This Bing Map lets you view historical maps of Berlin. The map features an innovative ‘timescope’ that you can drag over the modern map of Berlin whilst viewing the historical map through the timescope.
If you wish to view a different historical map of Berlin you can select a date from the bottom of the timescope. It is also possible to adjust the transparency of the historical map to view the modern map beneath. On the right hand side of the map are quick links to some of Berlin’s top sights.
Links to typographic maps of one sort or another — and it turns out that there is more than one sort — continue to come out of the woodwork, in numbers sufficient to warrant their own category. The latest comes from Janne Aukia, who writes with links to two word maps of the world he made a couple of years ago. Each is a map of the world made up of phrases describing cities, with colours and font sizes matching population size. One is “a map with Google search matches that are of the format ‘is * for its,’ such as ‘Helsinki is * for its’” (above); the other is of adjectives describing cities on Wikitravel. Janne describes the maps on his blog, here and here (in Finnish, but Google Translate isn’t bad).
Links to a number of GPS reviews have been piling up in my files over the past few months, and mentioning them here is long overdue. During that time, GPS Tracklog has had reviews of the Garmin nüvi 2350LMT and TomTom GO 2505TM automotive GPS receivers, as well as the Magellan eXplorist 710 outdoor receiver. GPS Review, meanwhile, reviewed the Garmin nüLink! 1695, a “connected” receiver. A review of the DeLorme Earthmate PN-60w appeared on the Adirondack High Peaks Forum (via @DeLormeGPS). And finally, Garmin’s Forerunner 210 watch got a review from DC Rainmaker (via @gpstracklog).
Greg’s Cable Map is an attempt to consolidate all the available information about the World’s undersea communications infrastructure on a Bing Map. The initial data for the map was harvested from Wikipedia, and further information was gathered by simply Googling and transcribing as much data as possible.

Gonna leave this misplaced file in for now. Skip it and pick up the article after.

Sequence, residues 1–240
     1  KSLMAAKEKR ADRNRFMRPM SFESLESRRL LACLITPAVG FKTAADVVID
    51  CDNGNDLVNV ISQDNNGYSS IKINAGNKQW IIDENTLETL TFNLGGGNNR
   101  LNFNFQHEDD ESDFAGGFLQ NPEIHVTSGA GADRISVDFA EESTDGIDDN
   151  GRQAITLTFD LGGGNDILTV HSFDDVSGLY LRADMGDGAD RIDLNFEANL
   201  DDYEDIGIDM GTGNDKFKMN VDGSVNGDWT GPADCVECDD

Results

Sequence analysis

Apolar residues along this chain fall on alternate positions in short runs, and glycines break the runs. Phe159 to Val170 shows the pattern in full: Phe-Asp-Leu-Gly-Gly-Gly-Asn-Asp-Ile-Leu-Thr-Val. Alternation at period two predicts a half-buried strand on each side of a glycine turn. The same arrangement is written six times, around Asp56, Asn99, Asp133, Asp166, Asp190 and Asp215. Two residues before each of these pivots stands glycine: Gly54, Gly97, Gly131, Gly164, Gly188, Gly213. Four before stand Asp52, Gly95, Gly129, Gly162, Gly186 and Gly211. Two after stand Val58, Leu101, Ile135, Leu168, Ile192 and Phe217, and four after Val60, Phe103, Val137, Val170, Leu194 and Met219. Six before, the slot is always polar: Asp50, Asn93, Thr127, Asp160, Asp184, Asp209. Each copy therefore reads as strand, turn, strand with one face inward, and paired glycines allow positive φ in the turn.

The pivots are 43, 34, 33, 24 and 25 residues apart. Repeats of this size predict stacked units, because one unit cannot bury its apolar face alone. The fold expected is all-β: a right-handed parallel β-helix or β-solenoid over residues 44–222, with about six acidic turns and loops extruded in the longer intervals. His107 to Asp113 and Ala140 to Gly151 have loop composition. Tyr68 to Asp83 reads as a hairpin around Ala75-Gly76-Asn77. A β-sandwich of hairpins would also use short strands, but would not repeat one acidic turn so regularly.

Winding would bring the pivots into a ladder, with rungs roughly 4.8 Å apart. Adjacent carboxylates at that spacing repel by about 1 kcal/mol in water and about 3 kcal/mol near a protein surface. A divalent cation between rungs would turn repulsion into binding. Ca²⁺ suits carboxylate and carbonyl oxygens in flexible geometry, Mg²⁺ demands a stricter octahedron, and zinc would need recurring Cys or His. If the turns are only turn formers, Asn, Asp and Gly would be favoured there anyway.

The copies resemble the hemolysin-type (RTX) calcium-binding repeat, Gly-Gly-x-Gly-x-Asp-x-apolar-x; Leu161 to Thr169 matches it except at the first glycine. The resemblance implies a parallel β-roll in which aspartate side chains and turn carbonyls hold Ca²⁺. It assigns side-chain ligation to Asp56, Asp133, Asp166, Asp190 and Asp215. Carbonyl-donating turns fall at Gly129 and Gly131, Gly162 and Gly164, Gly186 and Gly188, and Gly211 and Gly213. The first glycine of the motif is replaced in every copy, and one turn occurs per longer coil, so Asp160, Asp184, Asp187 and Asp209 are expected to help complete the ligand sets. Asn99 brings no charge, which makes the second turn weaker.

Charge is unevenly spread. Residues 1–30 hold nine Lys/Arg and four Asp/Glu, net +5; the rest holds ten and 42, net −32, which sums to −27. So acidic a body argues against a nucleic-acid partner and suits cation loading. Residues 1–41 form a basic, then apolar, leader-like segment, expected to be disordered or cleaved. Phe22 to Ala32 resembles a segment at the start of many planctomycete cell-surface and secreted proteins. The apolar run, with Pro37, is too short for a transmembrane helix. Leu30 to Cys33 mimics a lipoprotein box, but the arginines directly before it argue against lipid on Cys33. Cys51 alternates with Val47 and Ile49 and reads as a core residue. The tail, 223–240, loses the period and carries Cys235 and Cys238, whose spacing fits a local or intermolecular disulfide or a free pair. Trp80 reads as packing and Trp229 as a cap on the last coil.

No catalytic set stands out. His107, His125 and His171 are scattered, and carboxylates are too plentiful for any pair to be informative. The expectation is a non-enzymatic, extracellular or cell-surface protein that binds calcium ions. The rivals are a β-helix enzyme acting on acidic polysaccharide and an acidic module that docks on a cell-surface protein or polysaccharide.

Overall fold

If you mouse-over any of the displayed cables on the map a brief description is displayed at the bottom of the map. If you click on the cable more details are displayed in the map sidebar and links are given to relevant websites.
Greg’s Cable Map
Ever since we launched Google TV last October, we’ve seen web developers optimize their sites for TV with amazing results. However, designing a 10 foot UI and implementing controls optimized for the television is still a foreign concept for most web developers. Understanding that challenge, we’re happy to release new templates and a UI library to make it easy for developers to optimize their sites for TV.
For those developers who prefer to design their own 10 foot UI, we’ve created the Google TV Web UI Library to enable TV friendly controls such as D-pad (up, down, left, right) navigation. To accommodate different web developers needs, the Google TV Web UI Library is provided in 2 different flavors; jQuery based and Closure based. Get started by downloading the library and reading the documentation and tutorials.
Both the templates and the library are available under the Apache 2 license. As always, we love to hear your feedback. Please post comments and questions on the library and templates to our Google TV Web Developer Forum. Happy coding!